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Germany’s Online Gambling Industry

The Interstate Treaty of Gambling (ISTG) was initiated in 2012 and replaced Germany’s existing legislation from 2008. Originally expected in January of 2012 it was continually pushed back due to criticism from the European Union. The Treaty retrained sports betting while games of chance were put under the control of government state and online casino games were generally prohibited, as they were in 2008.

The northern state of Schleswig Holstein was the only part of Germany that refused to join ISTG and instead opted for a more liberal law in relation to gambling activities. Instead, the state allows for operators to apply for licenses on a case by case basis, this includes licensing for sports betting and casino games both in land based and online environments. Following the new laws, more than 50 licenses were obtained by the start of 2013.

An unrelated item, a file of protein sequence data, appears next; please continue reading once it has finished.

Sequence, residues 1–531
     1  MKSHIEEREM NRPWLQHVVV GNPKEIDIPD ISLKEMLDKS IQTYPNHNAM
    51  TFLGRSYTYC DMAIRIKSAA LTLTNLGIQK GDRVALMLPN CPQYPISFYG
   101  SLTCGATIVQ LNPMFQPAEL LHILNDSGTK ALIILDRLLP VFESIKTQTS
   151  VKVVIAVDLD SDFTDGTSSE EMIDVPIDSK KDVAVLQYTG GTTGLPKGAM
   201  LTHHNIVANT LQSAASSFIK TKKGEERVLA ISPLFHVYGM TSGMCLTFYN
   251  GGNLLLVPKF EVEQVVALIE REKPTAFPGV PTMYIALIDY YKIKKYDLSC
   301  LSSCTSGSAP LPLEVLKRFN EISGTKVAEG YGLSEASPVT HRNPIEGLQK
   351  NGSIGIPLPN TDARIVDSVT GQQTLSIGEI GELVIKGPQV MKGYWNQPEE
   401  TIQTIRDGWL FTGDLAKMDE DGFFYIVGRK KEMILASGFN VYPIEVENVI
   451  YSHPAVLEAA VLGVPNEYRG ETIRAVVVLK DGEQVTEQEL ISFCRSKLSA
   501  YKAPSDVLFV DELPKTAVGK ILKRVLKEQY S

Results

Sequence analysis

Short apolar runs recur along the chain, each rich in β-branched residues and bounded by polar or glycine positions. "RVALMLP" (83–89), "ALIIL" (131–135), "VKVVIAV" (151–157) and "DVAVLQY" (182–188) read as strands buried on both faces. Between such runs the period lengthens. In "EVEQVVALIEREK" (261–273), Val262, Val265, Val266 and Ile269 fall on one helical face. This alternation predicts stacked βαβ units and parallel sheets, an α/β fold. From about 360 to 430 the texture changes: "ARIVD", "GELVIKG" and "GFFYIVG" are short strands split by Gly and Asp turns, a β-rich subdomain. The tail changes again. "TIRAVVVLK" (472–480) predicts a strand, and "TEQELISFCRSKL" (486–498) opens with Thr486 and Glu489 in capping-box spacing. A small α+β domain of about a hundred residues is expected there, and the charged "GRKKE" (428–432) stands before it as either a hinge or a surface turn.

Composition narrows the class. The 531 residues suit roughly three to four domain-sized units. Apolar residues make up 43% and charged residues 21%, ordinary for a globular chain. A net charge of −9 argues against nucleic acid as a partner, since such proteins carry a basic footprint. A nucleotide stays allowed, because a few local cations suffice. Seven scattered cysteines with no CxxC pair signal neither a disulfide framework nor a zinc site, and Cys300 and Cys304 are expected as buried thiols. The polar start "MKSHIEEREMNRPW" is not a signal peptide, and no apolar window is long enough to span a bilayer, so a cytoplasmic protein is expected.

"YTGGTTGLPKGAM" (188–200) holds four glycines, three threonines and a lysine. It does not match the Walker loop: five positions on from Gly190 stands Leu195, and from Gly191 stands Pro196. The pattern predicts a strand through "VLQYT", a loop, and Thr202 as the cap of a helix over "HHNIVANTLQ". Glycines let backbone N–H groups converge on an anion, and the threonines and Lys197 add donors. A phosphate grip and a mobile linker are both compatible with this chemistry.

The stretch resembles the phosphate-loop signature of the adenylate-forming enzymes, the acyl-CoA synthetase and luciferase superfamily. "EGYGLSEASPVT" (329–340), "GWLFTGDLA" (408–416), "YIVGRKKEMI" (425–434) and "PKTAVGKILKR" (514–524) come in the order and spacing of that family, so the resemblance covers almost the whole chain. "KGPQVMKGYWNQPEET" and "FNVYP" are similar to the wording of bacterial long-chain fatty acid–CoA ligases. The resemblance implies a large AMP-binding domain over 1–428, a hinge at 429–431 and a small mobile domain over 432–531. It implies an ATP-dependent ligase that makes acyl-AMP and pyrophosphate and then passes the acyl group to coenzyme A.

Schleswig Holstein’s independent gambling law was abolished within the year, and the fact that they held their own laws separate from ISTG was the topic of great debate among the many German citizens. Due to the terms of the licenses that were granted at the time, any companies who obtained their license under Schleswig Holstein’s law won’t lose their licenses until 2018. In the meantime they remain valid and are able to carry on as usual. Following 2018, the Interstate Treaty of Gambling will be in force throughout the entire country and is set to get a lot sterner.

The future of the ISTG is currently uncertain, it was initially designed to last until at least 2021 before coming up for review again, but many experts doubt it will last even that long. Schleswig Holstein’s gaming license was initially based on the Danish online gambling model and to solve the issue of the number of operators looking for a license.
The European Court of Justice have said that the Schleswig Holstein license is not consistent with EU regulation and also ruled that it was not acceptable for one country to have two separate licensing regimes.